Skeptoid focuses on stories about false claims. It feels like a podcast that tells ghost stories and little more. Meanwhile, Skepticality has some great segments at the beginning of each episode, but the main part of the podcast is just terrible. I really dislike the main host. His voice is not appropriate for radio, and his interview style is more hurtful than helpful in learning about guests' positions. Not as important (but notable enough to mention) is the very, very, very bad theme song. Seriously, Skepticality has perhaps the worst theme song of any popular podcast I've ever heard.
The Best History Podcasts
I wasn't very interested in history as a child; I was more of a science and math person. That's why these podcasts are so very exciting to me — my prior lack of knowledge in the field means I always learn something new in every episode. Your experience might be different if you're already well versed in these topics.
- The History of Philosophy Without Any Gaps (itunes, blog): 20-30 minute weekly discussions on the history of philosophy by Peter Adamson. Perhaps it's unfair that I've listed this podcast twice in two different categories, but it's just that good.
- In Our Time (itunes, site): 20-30 minute weekly episodes on the history of ideas by Melvyn Bragg.
- The History of Rome (itunes): 30 minute episodes on the complete story of the Roman empire from beginning to end. This podcast series is complete, with no newly published episodes.
- The History of Byzantium (itunes): 30 minute weekly podcasts on the history of the Byzantine empire. This series starts where the History of Rome podcasts ends; I strongly recommend listening to the History of Rome series first.
- A Brief History of Mathematics (itunes): 15 minute short introductions on the history of mathematics. Series is complete with no new episodes.
Other Podcasts I Enjoy
Not everything I listen to is easily categorized, but I still recommend them just as strongly.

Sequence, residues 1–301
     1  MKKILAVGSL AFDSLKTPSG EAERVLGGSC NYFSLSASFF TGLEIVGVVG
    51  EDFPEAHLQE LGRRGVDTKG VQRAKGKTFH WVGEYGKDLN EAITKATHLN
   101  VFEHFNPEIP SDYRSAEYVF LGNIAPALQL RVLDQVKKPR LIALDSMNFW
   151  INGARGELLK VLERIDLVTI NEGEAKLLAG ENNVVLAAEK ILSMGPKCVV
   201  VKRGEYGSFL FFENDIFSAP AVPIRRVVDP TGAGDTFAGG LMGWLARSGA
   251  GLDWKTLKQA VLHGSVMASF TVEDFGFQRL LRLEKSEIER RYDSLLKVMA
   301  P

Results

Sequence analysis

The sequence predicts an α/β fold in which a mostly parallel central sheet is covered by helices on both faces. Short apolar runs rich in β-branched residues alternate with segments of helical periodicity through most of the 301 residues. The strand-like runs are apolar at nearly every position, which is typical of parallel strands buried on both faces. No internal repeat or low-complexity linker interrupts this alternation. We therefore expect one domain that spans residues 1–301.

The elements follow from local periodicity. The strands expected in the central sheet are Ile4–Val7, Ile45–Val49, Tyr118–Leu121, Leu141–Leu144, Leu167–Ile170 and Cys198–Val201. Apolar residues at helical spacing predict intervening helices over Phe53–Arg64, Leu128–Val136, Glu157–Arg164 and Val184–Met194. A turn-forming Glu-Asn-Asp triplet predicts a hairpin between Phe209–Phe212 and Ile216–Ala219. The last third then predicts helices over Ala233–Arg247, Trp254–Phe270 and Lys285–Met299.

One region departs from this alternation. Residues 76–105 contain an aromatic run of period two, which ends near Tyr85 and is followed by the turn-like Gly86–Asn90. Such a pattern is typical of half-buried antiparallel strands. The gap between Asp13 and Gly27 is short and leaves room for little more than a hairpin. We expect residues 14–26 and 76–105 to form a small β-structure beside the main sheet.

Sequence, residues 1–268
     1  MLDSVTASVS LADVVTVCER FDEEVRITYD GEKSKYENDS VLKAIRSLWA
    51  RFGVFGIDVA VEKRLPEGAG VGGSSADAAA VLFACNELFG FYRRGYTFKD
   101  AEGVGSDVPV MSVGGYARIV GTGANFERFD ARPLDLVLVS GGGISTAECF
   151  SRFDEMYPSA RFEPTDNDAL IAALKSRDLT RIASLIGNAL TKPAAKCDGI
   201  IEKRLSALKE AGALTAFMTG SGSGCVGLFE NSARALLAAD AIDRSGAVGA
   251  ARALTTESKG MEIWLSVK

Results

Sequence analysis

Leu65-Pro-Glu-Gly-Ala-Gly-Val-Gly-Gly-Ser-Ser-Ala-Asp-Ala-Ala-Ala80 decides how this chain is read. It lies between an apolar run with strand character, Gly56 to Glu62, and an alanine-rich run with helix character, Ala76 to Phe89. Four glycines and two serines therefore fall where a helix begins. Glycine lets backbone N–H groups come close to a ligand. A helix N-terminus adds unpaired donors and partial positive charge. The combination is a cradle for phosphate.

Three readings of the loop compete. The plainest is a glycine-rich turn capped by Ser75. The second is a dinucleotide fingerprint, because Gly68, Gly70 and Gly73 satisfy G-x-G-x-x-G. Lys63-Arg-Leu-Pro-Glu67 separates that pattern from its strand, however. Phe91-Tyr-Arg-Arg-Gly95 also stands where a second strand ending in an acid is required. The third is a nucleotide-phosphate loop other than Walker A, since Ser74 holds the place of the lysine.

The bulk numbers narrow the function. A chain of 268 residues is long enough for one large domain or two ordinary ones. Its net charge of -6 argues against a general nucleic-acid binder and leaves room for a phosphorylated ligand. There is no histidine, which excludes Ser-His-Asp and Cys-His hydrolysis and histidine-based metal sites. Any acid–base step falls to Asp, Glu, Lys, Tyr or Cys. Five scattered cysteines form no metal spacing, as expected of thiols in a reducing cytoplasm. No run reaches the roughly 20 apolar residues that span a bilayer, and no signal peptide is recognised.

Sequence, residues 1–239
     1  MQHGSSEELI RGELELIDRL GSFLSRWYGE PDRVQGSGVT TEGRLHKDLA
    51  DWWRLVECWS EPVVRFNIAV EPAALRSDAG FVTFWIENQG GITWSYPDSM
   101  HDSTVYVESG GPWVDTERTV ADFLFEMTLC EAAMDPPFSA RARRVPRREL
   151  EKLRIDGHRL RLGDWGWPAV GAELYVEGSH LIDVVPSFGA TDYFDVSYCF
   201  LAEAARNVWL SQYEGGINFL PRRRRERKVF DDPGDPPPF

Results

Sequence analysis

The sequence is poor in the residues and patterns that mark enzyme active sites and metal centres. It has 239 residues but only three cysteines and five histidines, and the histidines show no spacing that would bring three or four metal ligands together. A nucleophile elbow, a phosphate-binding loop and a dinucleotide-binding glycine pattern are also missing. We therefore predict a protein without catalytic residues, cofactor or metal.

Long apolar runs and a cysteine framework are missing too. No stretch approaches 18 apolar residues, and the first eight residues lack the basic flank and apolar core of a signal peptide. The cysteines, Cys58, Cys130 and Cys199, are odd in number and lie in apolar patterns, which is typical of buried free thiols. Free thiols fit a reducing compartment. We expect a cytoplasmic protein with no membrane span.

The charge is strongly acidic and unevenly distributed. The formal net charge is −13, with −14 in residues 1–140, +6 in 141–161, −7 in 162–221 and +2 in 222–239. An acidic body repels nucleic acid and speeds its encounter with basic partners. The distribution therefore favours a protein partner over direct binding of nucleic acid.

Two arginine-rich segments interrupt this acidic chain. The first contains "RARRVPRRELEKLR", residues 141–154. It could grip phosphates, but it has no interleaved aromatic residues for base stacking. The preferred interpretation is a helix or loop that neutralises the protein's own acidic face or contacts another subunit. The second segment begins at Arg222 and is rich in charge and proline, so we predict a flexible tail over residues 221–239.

- This American Life (itunes): 1 hour weekly episodes on various topics. If you only subscribe to one podcast recommended on this page, let it be this one.
- Harry Potter and the Methods of Rationality (itunes): 25 minute weekly audiobook episodes of Eliezer Yudkowski's fanfiction epic. I know the idea of fanfiction may sound silly at first, but this will blow your mind.
- The Dice Tower (itunes): Hour long weekly episodes on board game reviews.
- Ludology (itunes): Hour long weekly episodes on board game design.
- Smiley and West (itunes): 1 hour weekly episodes on political and other issues with Cornel West and Tavis Smiley. Gives a far left viewpoint.
- State of the Game (itunes): 2.5-3 hour sporadic episodes on issues in the StarCraft 2 professional gaming community.
- This Week in Tech (itunes): 1.5-2 hour weekly episodes on technology news with Leo Laporte.
- Oyez Project Arguments (itunes): 1-4 hour sporadic recordings of Supreme Court oral arguments. Link is to 2012 term; Oyez creates a new podcast feed for every year for some reason.
- Facing the Singularity (itunes): 5-10 minute episodic lecture on what taking the singularity seriously means. Podcast series is complete with no new episodes.
- Reith Lectures (itunes): 5 single hour long yearly lectures by significant cultural figures.
- Flack Check (youtube): 1 minute daily episodes showcasing the lies politicians tell with an element of humor. Link is to youtube because their itunes feed is not out yet.
Obviously, I consume a lot of content. When you add to this list the other media I regularly consume like television shows and movies, it becomes obvious that I spend a LOT of time on consumption in general. While this may make me good as a judge of comparing different media types for others to better know what they should spend their scarce time upon, it does highlight the sheer percentage of time I dedicate to items that most people think is (mostly) a waste of time.
Honestly, I do not mind others making this judgment. It's a judgment I sometimes think I agree with. But, overall, I'm fairly happy with my current level of consumption. While I might change these habits in the future, I would require an equal level of intellectual stimulation on a broad range of topics to really make up for the content I now consume everyday. I might be committed to the cause of optimal philanthropy, but focusing on only one area is just not something that I ever think I could do while maintaining my current levels of happiness. That's why I fully expect to continue to consume such a large amount of content like this on a regular basis.
Edit: Commenters have brought two additional philosophy podcasts to my attention: Public Ethics Radio and The Thirst. I've yet to listen to them, but they appear interesting.